Paying by check has plunged in popularity in recent years, and that has put Deluxe Corp. (NYSE:DLX) in a challenging situation. The company best known for providing paper-check printing services has worked hard to broaden its business in order to survive the move toward electronic payment methods. Coming into Thursday's first-quarter financial report, Deluxe shareholders were quite optimistic about the progress that the company has made in reinventing itself and finding new avenues for growth. For the most part, Deluxe made good on investors' expectations, producing gains in earnings and revenue and ramping up its guidance for the full year. Let's look more closely at how Deluxe did and what's ahead for the company going forward.
Building a Deluxe strategy for growth
Deluxe's first-quarter results kept showing the company's potential. Revenue was up almost 6% to $459.3 million, which was far better than the 4% growth rate that most investors had expected for Deluxe. On the bottom line, net income jumped an impressive 27% to $58.1 million, and even after adjusting for certain extraordinary items, adjusted earnings of $1.19 per share were up 14% from year-ago levels and topped the consensus forecast by $0.04 per share.
Taking a closer look at how Deluxe did, the company's success centered largely on the Financial Services segment. A 14% rise in segment sales came largely from the acquisitions of Datamyx and FISC Solutions, and that showed up in greater revenue in providing marketing solutions and other services. Operating income jumped 30%, with Deluxe implementing price increases at the same time as it successfully managed to cut costs, overcoming the secular decline in check-writing.
Other Deluxe segments posted mixed performance. The key small-business services division saw revenue grow 4.8%, with particularly strong growth in the online, distributor, and dealer channels. Here too, growth in marketing solutions was essential, and higher pricing helped offset foreign exchange headwinds. Operating income from small-business services picked up just 4.4%, as a change in product mix and investments in strategic initiatives weighed on profitability. The Direct Check segment performed the worst, with sales falling 7% and a 4% drop in operating income.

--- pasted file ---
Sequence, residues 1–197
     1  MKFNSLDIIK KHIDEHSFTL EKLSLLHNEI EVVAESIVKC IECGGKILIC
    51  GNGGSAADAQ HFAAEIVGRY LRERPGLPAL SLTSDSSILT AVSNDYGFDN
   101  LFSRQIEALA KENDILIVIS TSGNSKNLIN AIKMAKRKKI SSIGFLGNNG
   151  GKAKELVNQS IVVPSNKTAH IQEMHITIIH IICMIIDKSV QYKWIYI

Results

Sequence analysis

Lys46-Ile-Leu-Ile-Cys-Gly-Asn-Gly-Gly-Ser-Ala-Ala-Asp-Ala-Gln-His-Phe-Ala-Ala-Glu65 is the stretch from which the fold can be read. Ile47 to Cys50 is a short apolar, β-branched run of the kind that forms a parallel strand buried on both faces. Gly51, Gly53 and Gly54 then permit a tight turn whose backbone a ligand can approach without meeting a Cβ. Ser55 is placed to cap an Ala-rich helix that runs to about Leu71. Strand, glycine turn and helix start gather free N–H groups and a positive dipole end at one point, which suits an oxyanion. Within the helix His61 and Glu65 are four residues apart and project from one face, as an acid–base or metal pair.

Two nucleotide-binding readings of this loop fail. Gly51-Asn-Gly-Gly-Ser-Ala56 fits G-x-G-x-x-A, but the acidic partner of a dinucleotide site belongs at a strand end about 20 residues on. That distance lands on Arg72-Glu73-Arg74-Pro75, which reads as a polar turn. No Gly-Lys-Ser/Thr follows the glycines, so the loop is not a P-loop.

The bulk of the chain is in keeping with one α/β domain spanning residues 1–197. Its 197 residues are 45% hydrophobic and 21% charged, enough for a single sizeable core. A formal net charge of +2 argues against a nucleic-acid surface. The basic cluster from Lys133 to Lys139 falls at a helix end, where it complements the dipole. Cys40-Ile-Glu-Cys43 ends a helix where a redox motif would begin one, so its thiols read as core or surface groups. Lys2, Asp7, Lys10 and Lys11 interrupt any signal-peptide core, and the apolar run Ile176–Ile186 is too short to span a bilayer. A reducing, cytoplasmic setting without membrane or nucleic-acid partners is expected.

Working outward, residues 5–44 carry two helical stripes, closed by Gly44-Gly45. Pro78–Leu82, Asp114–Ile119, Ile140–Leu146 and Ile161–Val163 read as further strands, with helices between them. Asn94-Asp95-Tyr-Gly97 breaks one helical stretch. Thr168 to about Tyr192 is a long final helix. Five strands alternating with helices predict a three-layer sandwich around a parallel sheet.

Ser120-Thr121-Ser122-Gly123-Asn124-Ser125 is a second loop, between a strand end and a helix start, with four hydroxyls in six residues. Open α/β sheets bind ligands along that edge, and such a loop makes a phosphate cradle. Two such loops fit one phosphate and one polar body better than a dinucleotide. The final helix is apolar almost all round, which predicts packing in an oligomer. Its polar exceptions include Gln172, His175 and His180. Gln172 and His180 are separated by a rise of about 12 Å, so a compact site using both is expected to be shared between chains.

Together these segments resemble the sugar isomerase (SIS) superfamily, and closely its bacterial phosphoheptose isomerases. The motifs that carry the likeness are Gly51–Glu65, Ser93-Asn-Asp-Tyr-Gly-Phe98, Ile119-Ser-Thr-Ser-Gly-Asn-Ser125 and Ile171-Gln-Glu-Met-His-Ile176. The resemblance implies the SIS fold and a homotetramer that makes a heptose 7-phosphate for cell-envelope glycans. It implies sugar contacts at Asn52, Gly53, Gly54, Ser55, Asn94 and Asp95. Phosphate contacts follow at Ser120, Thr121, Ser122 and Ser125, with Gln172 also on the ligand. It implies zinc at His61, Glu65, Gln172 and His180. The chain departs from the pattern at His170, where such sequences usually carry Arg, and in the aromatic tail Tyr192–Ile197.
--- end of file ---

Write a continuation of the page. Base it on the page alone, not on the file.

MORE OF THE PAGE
Deluxe CEO Lee Schram seemed pleased with the company's performance. "We delivered very strong first quarter results in spite of what appears to be an overall continued sluggish economy," Schram said, and he noted that growth in marketing solutions services has made that a key line of business for Deluxe, making up almost a third of total company revenue during the quarter.
What's ahead for Deluxe?
Deluxe is optimistic about its future prospects. In its CEO's words, "Our transformation to a marketing and financial technology services provider continues to make tremendous progress, and we believe we are well positioned to deliver another year of strong revenue, earnings, and cash-flow growth."
Moreover, Deluxe boosted its guidance for the full 2016 year in a number of key areas. The company raised the lower end of its previous revenue range by $10 million, now expecting sales of $1.845 billion to $1.875 billion. Deluxe raised its earnings range by between a nickel and a dime per share, with the new range coming in between $4.85 and $5 per share. Slight improvements to operating cash flow guidance also gave a positive impression for investors.
For the current quarter, however, Deluxe's guidance might not make shareholders entirely happy. The company is calling for revenue to come in between $445 million and $453 million, and it believes it will earn between $1.15 and $1.20 per share. Both figures are below the consensus forecasts among investors going into Thursday's report.
Nevertheless, Deluxe shareholders seemed generally satisfied with the overall report, sending the stock up about 1% in the opening minutes of the trading session following the announcement. As long as the company can manage to continue its transition toward marketing services and other financial services beyond the check-writing arena, Deluxe is poised to become a success story among companies looking to transform themselves in search of better business opportunities.
Dan Caplinger has no position in any stocks mentioned. The Motley Fool recommends Deluxe. Try any of our Foolish newsletter services free for 30 days. We Fools may not all hold the same opinions, but we all believe that considering a diverse range of insights makes us better investors. The Motley Fool has a disclosure policy.